Despite all the amazingly breathtaking views, throughout the holiday my eyes kept being drawn back to a ramshackle hut that we could see from our bedroom window - I really loved it, despite it being a little bleak. When it started snowing again on New Year's Day it looked even lovelier and I felt really pleased to have before and after photos!

I fell asleep ridiculously early each night - a combination of high altitude and skiing for hours every day, but I still tore through three books. Ordinary Grace by William Kent Krueger was a gift from my parents - it's a really painful story in many ways, as it's about several deaths that occurred one summer within a small community, however, it's very much worth reading. The characterisation is rich and the internal battle that each person can be seen to be wrestling with is thought-provoking and brilliantly told.  

Next up, A.M. Homes' Jack. As an author, A.M. Homes seems to provoke a Marmite reaction because at times her subject matter has been controversial, so I was braced for this book to go either way, but I really loved it and enjoyed her writing too, so much so, that I bought May We Be Forgiven as soon as we arrived home. Like Ordinary Grace, the story is told from the point of view of a young boy (I think Jack was actually about 16 or 17, but for most of the book I read him as being a lot younger, so perhaps this is the only part that didn't work so well for me) after his father leaves the family and then reveals himself to be gay. Another book full of really likable, but also flawed and interesting, characters. These two books actually sat really nicely next to one another when reading them back-to-back as sometimes it can be hard to move onto something else when you've enjoyed a novel.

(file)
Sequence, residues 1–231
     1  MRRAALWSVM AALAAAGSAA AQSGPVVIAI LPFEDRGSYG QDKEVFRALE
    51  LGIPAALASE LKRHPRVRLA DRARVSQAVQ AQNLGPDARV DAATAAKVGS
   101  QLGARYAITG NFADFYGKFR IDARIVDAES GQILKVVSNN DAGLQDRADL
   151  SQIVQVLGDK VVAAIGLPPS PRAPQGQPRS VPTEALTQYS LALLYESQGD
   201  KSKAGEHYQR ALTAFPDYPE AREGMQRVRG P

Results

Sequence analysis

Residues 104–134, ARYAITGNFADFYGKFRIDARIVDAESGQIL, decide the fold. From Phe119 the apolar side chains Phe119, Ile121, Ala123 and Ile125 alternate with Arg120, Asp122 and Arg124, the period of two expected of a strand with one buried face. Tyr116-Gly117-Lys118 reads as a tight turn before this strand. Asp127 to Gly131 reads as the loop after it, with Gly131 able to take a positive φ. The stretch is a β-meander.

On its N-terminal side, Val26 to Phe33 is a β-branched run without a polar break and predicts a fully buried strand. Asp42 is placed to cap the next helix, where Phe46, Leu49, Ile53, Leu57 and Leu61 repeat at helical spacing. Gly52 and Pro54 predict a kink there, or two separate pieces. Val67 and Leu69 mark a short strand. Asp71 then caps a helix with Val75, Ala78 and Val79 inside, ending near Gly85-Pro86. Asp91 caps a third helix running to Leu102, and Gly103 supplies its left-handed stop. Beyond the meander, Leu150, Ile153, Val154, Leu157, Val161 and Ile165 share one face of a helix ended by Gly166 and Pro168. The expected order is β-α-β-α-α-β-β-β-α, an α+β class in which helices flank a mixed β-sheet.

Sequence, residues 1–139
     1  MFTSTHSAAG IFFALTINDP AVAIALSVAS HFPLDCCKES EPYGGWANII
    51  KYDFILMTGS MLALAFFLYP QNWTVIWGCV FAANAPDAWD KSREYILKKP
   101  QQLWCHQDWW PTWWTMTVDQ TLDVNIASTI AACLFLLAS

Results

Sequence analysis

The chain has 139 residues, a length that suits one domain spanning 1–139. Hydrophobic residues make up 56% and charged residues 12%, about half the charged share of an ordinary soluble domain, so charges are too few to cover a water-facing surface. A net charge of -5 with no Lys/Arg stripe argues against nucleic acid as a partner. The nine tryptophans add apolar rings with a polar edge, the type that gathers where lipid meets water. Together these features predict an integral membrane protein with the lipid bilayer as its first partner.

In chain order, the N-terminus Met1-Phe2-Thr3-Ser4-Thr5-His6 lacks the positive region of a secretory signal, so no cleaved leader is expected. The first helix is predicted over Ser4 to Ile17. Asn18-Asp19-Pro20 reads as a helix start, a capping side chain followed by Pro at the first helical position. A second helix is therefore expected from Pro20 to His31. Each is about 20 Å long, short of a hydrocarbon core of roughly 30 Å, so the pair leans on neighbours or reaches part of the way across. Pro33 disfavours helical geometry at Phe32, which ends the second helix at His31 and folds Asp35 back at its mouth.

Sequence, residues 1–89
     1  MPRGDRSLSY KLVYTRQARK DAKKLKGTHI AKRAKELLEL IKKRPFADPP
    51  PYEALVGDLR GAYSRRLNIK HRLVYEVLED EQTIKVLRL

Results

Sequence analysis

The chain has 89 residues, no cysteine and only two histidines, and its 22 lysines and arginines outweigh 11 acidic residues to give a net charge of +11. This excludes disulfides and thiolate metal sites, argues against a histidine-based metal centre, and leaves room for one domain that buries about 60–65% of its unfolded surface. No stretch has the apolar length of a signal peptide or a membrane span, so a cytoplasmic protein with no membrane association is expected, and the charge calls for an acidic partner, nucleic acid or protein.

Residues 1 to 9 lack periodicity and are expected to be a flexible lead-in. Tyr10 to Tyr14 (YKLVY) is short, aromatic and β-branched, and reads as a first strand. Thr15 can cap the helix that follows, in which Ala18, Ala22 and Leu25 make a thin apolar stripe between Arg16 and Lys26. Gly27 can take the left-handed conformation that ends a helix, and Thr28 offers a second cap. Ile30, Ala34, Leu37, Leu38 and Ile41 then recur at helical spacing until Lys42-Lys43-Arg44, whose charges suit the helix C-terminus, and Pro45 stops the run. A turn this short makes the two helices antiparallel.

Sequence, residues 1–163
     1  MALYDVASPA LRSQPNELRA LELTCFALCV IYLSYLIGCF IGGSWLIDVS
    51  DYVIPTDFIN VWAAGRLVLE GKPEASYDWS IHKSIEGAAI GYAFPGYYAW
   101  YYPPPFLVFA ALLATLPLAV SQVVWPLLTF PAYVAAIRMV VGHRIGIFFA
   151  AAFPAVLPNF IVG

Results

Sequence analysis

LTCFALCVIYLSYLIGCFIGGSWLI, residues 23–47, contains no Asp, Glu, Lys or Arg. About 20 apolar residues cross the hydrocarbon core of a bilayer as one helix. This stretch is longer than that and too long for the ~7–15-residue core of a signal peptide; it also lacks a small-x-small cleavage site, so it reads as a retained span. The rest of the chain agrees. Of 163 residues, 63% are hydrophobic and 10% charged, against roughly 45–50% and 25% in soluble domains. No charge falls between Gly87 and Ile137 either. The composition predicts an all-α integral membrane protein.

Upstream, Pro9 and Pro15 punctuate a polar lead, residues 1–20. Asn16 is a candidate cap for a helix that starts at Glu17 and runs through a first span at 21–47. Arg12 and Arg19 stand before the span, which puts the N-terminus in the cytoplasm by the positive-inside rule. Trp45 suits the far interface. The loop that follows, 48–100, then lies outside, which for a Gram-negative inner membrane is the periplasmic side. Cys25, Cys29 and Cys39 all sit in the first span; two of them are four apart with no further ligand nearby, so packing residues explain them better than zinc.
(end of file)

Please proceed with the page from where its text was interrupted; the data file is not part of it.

I've read quite a few of Tracy Chevalier's books and Remarkable Creatures was a recommendation that a reader made to me in the comments to one of my previous posts (Thank you, Suze!). A fictional tale based on true events, it's the story of a female fossil hunter living in the 1820s at a time when men were often credited with her work and the discovery of certain fossils brought an unwelcome challenge to the creationist belief system. I found both of these aspects of the book completely fascinating - we have come so far! - but also, I found the fossil hunting detail completely compelling too. In many ways it's quite a dry book and the female characters lack any traditional sense of charm (I think the title, Remarkable Creatures, is as much a reference to the women as to the fossilised creatures that they dug up), but it's also what makes the book feel so genuine and true. I really loved it.